Slideshow: Americans killed in Afghanistan helicopter attack

Slideshow: Americans killed in Afghanistan helicopter attack

Top of his class. Quarterback. Team captain. John Faas' football coach had encouraged the natural-born leader to consider applying to a service academy to become a military officer, but Faas had decided in middle school that he wanted to become a Navy SEAL. The 31-year-old from Minneapolis never wavered about his goal, joining the elite fighting force and becoming a chief petty officer. "This is where John felt he was called," said Ron Monson, the football coach at Minnehaha Academy, a private Christian school in Minneapolis where Faas graduated as the 1998 class valedictorian. The coach said Faas never showed bravado and didn't fit the Hollywood stereotype of a SEAL. Instead, the son of Gretchen and Robert Faas of Minneapolis, was the guy who always stood up for his fellow students. "John was a man of unquestionable integrity and courage, as were those he served with," his family said in a statement. "He became a SEAL to serve his country and to make the world a better place for those less fortunate."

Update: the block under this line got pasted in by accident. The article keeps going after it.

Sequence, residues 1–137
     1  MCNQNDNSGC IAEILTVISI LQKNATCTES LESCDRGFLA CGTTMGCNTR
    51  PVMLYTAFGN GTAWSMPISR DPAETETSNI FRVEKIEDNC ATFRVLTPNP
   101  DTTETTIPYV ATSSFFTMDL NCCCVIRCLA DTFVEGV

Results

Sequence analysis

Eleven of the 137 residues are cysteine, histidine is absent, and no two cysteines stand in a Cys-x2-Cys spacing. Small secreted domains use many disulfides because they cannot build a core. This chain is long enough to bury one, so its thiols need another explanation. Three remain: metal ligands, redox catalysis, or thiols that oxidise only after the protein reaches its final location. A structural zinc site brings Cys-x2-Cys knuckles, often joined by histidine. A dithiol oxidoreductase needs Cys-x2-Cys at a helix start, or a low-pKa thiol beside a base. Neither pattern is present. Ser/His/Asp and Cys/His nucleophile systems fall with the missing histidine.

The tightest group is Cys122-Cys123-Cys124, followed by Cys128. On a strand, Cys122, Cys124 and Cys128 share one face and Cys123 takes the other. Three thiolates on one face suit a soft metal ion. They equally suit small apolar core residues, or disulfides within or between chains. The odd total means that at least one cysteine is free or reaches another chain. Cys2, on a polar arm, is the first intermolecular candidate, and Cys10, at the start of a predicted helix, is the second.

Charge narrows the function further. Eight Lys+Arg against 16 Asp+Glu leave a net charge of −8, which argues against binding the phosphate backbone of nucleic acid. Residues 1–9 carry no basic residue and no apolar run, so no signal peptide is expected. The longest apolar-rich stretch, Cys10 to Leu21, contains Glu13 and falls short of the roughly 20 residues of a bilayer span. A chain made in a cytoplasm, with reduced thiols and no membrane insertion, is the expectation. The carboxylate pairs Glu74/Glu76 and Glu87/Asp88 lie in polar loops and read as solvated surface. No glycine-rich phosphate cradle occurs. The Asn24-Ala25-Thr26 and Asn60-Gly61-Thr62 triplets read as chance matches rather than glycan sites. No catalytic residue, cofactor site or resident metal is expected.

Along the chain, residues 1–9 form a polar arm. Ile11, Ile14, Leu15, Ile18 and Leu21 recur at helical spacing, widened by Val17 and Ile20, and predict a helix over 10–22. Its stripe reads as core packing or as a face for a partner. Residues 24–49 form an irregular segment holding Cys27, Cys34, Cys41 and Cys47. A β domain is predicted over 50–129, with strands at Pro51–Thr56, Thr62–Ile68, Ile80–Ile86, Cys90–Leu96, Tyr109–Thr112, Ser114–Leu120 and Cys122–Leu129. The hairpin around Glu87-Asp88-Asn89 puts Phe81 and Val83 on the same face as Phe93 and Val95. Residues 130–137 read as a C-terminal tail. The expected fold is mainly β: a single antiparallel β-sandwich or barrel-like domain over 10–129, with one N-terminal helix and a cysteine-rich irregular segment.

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ABC News

Posted on August 10, 2011 at 3:24 PM

Updated Friday, Oct 25 at 12:34 PM

The American troops who died aboard a downed helicopter in Afghanistan came to the special forces from far-flung corners of the country, some motivated by the Sept. 11 terrorist attacks. They were intensely patriotic and talented young men with a love of physical challenges and a passion for the high-risk job they chose.

Thirty Americans and eight Afghans were killed last Saturday when a rocket-propelled grenade fired by a Taliban insurgent downed their Chinook helicopter en route to a combat mission.

The Pentagon on Thursday identified the Americans as 17 members of the elite Navy SEALs, five Naval Special Warfare personnel who support the SEALs, three Air Force Special Operations personnel and an Army helicopter crew of five.

All but two of the SEALs were from SEAL Team 6, the unit that killed Osama bin Laden, although military officials said none of the crash victims was on that mission in Pakistan against the al-Qaida leader.

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